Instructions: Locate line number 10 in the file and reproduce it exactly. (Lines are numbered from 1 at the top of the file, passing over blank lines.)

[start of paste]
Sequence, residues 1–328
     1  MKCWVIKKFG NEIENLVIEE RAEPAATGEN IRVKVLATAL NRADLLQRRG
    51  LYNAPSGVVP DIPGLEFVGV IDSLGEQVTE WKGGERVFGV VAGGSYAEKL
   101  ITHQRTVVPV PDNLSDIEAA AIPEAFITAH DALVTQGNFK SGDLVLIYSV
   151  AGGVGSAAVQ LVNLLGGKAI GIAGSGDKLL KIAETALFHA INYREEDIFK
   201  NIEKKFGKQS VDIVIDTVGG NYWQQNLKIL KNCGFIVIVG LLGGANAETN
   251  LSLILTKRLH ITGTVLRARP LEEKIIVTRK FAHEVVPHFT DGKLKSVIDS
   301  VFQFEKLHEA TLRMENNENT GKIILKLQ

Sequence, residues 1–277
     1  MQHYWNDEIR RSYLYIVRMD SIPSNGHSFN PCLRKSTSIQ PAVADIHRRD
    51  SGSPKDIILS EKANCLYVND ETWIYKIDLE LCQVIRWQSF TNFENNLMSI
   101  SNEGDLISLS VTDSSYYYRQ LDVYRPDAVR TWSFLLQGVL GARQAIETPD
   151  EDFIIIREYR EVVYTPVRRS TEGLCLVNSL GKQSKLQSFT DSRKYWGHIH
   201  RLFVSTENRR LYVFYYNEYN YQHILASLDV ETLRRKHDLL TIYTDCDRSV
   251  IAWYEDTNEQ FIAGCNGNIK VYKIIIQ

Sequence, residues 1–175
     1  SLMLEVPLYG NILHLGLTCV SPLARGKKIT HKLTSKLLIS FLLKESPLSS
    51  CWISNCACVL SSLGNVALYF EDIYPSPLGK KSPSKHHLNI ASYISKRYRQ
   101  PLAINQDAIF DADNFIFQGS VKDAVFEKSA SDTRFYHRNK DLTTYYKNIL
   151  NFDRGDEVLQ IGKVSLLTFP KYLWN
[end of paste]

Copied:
     1  MQHYWNDEIR RSYLYIVRMD SIPSNGHSFN PCLRKSTSIQ PAVADIHRRD